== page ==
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From Recognition to Reaction Mechanism: An Overview on the Interactions between HIV-1 Protease and its Natural Targets

Author(s):

Monsurat M. Lawal, Zainab K. Sanusi, Thavendran Govender, Glenn E. M. Maguire, Bahareh Honarparvar and Hendrik G. Kruger*   Pages 1 - 34 ( 34 )

Abstract:


Current investigations of the human immunodeficiency virus protease (HIV-1 PR) as a druggable target towards the treatment of AIDS require an update to facilitate further development of promising inhibitors with improved inhibitory activities. For the past two decades, up to 100 scholarly reports appeared annually on the inhibition and catalytic mechanism of HIV-1 PR. A fundamental literature review on the prerequisite of HIV-1 PR action leading to the release of infectious virion is absent. Herein, recent advances (both computationally and experimentally) on the recognition mode and reaction mechanism of HIV-1 PR involving its natural targets is provided. This overview features more than 80 peer review articles from reputable journals. Recognition of the natural Gag and Gag-Pol cleavage junctions by this enzyme and its mutant analogues was first addressed. Thereafter, a comprehensive dissect of the enzymatic mechanism of HIV-1 PR on its natural polypeptide sequences from literature was put together. In addition, we highlighted ongoing research topics in which in silico methods could be harnessed to provide better insights on the catalytic mechanism of the HIV-1 protease in the presence of its natural substrates. Understanding the recognition and catalytic mechanism of HIV-1 PR leading to the release of an infective virion, which advertently affects the immune system, will assist in designing mechanism-based inhibitors with better bioactivity.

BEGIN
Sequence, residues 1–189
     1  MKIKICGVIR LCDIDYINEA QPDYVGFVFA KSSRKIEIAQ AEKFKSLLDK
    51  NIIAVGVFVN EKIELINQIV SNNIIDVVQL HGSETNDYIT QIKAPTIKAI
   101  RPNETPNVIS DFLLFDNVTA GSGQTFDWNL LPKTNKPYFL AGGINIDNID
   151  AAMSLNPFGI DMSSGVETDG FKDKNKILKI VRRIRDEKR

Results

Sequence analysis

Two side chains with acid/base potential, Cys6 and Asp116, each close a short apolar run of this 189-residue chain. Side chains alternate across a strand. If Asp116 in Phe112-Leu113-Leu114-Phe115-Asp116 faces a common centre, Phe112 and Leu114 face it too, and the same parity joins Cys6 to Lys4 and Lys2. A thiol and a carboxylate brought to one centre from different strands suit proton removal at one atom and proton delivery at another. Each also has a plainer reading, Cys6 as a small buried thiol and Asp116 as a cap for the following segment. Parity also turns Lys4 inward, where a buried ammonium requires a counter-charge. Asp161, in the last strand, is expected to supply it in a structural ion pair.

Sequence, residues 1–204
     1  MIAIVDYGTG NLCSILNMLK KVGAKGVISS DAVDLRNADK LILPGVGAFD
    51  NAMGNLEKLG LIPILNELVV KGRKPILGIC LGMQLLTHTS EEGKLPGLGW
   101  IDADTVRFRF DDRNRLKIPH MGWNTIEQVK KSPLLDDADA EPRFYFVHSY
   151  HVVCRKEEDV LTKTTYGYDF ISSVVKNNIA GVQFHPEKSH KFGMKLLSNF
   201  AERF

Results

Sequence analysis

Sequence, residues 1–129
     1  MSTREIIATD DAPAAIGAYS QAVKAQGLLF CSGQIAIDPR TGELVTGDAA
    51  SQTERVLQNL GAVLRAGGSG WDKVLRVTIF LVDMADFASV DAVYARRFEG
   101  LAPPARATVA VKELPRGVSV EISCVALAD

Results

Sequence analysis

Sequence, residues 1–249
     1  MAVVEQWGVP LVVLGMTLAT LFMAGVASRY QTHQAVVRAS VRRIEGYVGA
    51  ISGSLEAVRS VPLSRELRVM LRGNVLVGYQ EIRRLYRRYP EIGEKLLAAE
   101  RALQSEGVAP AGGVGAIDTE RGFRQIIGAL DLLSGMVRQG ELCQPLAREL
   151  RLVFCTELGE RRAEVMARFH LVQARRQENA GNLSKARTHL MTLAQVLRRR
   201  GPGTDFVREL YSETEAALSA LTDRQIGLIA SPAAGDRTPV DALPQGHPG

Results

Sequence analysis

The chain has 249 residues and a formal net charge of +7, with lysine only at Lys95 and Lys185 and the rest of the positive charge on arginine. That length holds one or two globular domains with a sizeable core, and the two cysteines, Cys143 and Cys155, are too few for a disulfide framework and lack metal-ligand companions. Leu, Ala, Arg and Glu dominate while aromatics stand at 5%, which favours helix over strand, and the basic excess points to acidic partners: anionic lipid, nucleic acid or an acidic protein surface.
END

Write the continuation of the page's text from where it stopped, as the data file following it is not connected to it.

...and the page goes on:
Keywords:

HIV-1 PR, Natural substrates, Recognition pattern, Reaction mechanism, Transition state modelling.

Affiliation:

Catalysis and Peptide Research Unit, School of Health Sciences, University of KwaZulu-Natal, Durban 4041, Catalysis and Peptide Research Unit, School of Health Sciences, University of KwaZulu-Natal, Durban 4041, Catalysis and Peptide Research Unit, School of Health Sciences, University of KwaZulu-Natal, Durban 4041, Catalysis and Peptide Research Unit, School of Health Sciences, University of KwaZulu-Natal, Durban 4041, Catalysis and Peptide Research Unit, School of Health Sciences, University of KwaZulu-Natal, Durban 4041, Catalysis and Peptide Research Unit, School of Health Sciences, University of KwaZulu-Natal, Durban 4041



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